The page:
Trees are a vital component of our landscape, enhancing the environment of our towns and villages and making a positive contribution to the quality of life. In certain situations they are protected by legislation. Trees can help integrate new development into its setting, but they can easily be losr or damaged through lack of consideration while the development is taking place.
There are a number of ways in which a tree may be protected:
- if it is protected by a Tree Preservation Order
- if it is located within a Conservation Area
- if it is protected by a condition of a planning consent
Do I need permission before I cut down or prune trees?
If the tree is protected by a Tree Preservation Order or a condition of a planning consent a formal application to Aberdeenshire Council will be required. Similarly, if the tree is within a Conservation Area, then you must give the Council six weeks written notice of your intention to carry out tree works. Large scale operations (in excess of 5 cubic metres of timber) will require a Felling Licence which is issued by the Forestry Commission. They can be contacted on 01466 794 542 at the Conservancy Office in Huntly.
How do I apply for permission?
Responsibility for the management of trees, including protected trees, rests with the owner of the land upon which they stand. However anyone may apply to carry out work to trees, provided they receive the landowners permission prior to undertaking the work.
It is advisable to employ the services of a suitably qualified person to both assess and undertake necessary work.
It is an offence under the Town and Country Planning (Scotland) Act 1997 to fell or to carry out any work on protected trees without permission. The offence can carry a fine of up to £20,000.
The Council maintains a register of all applications and notifications received for works to protected trees. Current applications and notifications can be viewed below
Applications for works to protected trees received after 1 March 2014 can now be viewed using the Public Access Register
How do I get a Tree Preservation Order (TPO) put on a tree?
If you feel that a tree is worthy of long term protection and is currently under threat you may request a Tree Preservation Order be made. An officer will consider the request and assess the tree. If a TPO is made there will be a period of 28 days in which representations and objections can be made after which a report is made to the local Area Committee before it is made permanent. Given the high number of TPO’s in place across Aberdeenshire and the cost of implementing and administrating such an order, a TPO is usually only made in extreme circumstances where the tree is of significant value and the threat level is high.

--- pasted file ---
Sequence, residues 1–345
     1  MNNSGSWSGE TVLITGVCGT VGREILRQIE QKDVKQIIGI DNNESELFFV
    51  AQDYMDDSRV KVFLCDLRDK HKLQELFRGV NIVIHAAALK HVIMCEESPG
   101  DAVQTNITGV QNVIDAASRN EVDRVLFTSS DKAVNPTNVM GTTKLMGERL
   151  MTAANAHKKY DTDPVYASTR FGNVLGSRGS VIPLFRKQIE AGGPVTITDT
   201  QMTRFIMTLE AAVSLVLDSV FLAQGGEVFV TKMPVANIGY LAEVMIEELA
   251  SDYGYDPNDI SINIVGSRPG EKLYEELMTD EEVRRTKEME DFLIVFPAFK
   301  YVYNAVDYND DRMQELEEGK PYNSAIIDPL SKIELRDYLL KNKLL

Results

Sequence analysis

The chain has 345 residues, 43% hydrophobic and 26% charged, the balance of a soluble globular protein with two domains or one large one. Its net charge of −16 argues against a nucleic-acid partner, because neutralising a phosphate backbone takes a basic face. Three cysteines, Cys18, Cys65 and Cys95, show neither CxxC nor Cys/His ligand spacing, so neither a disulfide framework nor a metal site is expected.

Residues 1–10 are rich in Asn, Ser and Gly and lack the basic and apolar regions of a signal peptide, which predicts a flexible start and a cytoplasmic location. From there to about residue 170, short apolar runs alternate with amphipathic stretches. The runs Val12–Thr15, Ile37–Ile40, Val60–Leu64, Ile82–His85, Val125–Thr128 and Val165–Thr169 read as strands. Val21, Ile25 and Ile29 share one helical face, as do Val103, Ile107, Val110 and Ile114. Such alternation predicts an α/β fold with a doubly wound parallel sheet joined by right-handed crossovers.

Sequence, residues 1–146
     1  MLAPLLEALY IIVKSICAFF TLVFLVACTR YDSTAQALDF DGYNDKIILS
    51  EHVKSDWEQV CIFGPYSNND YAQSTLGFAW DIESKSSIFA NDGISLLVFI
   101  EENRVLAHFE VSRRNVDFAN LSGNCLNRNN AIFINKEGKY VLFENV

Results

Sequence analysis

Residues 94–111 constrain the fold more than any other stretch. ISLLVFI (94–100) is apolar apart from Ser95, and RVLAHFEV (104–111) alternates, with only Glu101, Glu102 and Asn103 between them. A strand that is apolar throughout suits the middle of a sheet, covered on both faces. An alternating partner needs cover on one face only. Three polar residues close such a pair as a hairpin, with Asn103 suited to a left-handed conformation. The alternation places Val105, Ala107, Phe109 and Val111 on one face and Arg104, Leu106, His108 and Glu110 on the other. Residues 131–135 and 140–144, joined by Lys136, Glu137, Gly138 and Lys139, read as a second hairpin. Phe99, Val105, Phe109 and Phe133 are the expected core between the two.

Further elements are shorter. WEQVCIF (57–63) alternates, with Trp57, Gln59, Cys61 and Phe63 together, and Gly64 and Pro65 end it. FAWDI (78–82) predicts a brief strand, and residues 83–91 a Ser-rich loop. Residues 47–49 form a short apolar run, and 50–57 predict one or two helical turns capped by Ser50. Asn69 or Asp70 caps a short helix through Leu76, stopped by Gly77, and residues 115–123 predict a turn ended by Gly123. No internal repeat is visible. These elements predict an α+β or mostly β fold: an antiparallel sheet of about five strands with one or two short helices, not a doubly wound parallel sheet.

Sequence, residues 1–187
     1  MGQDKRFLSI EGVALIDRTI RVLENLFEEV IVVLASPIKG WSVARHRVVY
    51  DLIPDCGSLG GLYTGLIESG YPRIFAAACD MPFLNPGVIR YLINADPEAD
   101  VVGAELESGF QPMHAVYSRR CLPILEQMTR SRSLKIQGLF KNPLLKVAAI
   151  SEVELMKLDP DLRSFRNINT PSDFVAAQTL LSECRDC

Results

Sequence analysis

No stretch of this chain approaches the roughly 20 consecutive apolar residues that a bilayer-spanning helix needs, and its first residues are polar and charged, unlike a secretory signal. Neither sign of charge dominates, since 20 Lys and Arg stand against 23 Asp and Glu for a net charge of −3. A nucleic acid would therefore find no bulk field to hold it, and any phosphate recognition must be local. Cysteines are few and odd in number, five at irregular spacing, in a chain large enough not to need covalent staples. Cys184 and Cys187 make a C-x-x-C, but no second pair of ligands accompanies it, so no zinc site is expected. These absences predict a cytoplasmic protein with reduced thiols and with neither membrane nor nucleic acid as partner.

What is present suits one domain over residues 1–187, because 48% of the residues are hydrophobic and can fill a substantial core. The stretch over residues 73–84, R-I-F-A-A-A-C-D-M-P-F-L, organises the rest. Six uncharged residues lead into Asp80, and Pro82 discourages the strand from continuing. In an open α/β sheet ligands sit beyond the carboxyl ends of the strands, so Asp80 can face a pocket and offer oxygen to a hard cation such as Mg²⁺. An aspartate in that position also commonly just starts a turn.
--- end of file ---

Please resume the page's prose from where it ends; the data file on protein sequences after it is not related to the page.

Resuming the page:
Trees and Development
Aberdeenshire Council have produced a leaflet giving advice about trees and development and is available here to download.
Considering trees at the start of development.
The presence of trees on a site is a material planning consideration when planning applications are being assessed. To enable an accurate assessment of the possible effects of development on trees, planning applications must include a sufficient level of information.
Where a tree survey is submitted with a planning application it should include:
- the location and size of the trees (both on, and immediately adjacent to the site)
- the height, crown or canopy spread
- age (i.e. young/mature/over mature)
- and any structural defects
In addition it is necessary to note the ground levels and any watercourses or services that may affect the tree roots. It should also identify which trees will be removed and those to be retained together with measures for their protection during development.
Protecting Trees During Development
Damage to, or loss of, trees during development is often caused accidentally by failing to appreciate how vulnerable trees are. Irreparable damage can be caused to the tree’s trunk, branches and roots by site clearance, earth moving, excavation, compaction and storage of materials.
Before any development starts, the trees to be retained should be securely fenced off, to a specification agreed by the Council. The fence should remain intact until the development is fully completed. No building materials, site huts or rubble etc should be stored or dumped, and no fires lit within this area.
It is always important to have your site surveyed by an expert in arboriculture. They will be able to advise on which trees should be retained and which will require any surgery. Survey and tree protection measures should meet the requirement of British Standard 5837
Further advice about protection of trees and woodlands during development can be sought from the relevant council office.